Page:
Martin Luther King, Jr.

“For with you is the fountain of life; in your light we see light.” – Psalm 36:9

The year was 1961, and the Civil Rights movement had reached a crossroads. Boycotts, sit-ins, and arrests had generated some support for desegregation and equal voting rights, but the time had come to take the struggle beyond the South, to build alliances and raise money.

And so it was that the movement’s 32-year-old leader attended a  simple church supper in a small New England college town. That’s right: The Rev. Dr. Martin Luther King Jr. spoke in my church’s basement.

What’s almost as amazing is that the occasion was nearly lost to our congregation’s history. Some church members recalled that Dr. King had come, but no one could remember exactly when, or what he said, or how he was received. Finally one member consulted the decades’ worth of datebooks stored in her garage, and there it was: Monday, April 17, 1961, MLK, First Church dining room.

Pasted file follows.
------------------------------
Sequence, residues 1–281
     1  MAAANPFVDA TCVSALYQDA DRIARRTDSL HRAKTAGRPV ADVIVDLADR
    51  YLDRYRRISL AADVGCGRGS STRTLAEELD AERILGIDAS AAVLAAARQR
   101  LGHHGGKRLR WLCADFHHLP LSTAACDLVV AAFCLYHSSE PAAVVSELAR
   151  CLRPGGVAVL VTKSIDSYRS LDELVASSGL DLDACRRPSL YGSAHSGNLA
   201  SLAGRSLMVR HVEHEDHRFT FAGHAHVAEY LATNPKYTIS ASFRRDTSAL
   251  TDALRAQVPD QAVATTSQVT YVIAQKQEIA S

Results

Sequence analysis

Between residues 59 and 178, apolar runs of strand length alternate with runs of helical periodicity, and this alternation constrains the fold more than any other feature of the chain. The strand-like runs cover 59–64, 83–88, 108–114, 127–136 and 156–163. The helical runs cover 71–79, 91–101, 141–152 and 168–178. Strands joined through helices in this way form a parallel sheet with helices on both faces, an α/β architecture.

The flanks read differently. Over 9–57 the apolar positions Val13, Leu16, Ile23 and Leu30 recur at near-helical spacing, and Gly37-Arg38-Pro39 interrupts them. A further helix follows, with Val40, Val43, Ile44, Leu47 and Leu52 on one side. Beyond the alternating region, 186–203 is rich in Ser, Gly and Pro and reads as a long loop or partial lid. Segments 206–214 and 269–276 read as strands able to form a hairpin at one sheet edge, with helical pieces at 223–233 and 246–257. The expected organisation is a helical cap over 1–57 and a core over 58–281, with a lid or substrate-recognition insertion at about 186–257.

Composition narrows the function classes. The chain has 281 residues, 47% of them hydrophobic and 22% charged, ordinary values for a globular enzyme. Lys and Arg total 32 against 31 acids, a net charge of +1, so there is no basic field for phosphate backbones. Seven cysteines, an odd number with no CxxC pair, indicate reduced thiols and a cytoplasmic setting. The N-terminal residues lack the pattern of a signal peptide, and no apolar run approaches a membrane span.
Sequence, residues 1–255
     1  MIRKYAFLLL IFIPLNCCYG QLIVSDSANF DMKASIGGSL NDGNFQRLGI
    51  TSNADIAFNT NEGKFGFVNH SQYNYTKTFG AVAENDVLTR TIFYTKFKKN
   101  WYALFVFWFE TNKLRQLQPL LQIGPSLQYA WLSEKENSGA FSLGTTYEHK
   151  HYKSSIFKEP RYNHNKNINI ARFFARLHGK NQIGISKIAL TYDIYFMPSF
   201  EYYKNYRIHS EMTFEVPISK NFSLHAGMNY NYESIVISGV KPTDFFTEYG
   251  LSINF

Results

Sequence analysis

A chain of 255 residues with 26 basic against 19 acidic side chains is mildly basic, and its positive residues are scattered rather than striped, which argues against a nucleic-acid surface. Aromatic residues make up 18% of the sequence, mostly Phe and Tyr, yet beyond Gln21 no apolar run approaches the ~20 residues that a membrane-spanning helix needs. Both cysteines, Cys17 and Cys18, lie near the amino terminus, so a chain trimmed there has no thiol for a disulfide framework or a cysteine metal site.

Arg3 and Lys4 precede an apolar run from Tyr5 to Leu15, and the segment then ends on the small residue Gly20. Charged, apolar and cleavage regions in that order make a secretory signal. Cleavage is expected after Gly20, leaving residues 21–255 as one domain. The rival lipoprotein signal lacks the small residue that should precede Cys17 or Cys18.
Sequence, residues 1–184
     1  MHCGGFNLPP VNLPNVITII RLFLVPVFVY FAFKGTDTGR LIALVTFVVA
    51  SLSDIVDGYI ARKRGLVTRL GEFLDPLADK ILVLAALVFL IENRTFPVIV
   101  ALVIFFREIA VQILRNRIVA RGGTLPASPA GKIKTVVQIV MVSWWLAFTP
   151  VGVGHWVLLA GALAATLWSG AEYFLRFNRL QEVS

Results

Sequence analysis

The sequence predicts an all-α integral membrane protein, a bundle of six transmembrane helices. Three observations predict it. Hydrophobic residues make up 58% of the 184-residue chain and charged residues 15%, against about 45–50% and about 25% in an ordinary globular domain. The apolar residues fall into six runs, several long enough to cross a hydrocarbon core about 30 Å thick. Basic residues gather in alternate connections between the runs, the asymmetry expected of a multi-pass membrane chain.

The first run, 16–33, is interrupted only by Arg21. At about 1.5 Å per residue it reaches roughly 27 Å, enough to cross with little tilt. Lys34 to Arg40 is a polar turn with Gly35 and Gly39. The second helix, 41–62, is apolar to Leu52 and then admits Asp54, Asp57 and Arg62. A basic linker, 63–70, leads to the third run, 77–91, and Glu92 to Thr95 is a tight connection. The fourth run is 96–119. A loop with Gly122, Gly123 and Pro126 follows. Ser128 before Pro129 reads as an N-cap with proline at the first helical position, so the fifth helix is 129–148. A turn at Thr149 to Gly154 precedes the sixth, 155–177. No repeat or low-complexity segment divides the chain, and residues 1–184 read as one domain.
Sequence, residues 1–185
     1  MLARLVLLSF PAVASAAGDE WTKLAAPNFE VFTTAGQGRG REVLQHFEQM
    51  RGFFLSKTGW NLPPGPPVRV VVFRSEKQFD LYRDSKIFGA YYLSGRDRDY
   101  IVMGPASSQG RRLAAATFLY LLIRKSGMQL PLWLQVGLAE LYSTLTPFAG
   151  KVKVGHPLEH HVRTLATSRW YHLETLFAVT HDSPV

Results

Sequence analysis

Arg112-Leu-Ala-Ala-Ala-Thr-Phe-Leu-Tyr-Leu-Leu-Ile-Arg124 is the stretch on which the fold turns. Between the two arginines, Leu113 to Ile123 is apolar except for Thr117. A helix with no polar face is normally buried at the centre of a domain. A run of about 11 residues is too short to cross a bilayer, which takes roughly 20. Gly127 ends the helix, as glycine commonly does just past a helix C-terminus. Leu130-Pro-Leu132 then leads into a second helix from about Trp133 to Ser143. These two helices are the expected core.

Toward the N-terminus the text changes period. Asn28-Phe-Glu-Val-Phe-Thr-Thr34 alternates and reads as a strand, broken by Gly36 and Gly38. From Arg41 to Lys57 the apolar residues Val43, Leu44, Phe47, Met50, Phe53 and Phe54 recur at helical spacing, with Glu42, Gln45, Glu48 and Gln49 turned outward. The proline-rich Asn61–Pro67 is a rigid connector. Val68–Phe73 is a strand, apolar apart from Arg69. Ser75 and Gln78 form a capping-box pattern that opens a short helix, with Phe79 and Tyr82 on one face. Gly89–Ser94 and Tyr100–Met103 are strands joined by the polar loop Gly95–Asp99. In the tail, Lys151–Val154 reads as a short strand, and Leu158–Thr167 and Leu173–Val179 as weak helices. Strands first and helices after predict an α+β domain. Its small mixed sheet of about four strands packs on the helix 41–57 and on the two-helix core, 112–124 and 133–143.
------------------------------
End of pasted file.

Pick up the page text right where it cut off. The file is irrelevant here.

Now we have a plaque to mark the spot and help us remember the moment. We want everyone who passes through that workaday space—especially the folks who come for a soup-kitchen meal three times a week and the college students who sleep there a few nights each August—to know they are on holy ground and that they, too, can go forth to change the world.

Sometimes, when the injustices of the world are weighing heavy, I sneak downstairs and imagine him there. I wonder what he would think of us now, all these years later, as we struggle still—or don’t—to eradicate racism from our laws, our institutions, and our hearts.

Today is Dr. King’s birthday; he could have been 87 years old. Take some time to honor the man who brought hope, justice, and freedom to so many, a prophet who challenges us still. Listen to one of his speeches or read his “Letter from Birmingham Jail”  Stream the movie “Glory.” Give thanks, and then get to work.


In your light, O God, we see light. Thank you for our brother Martin. May his light ever shine. Amen.

About the Author
Vicki Kemper is the Pastor of First Congregational, UCC, of Amherst, Massachusetts.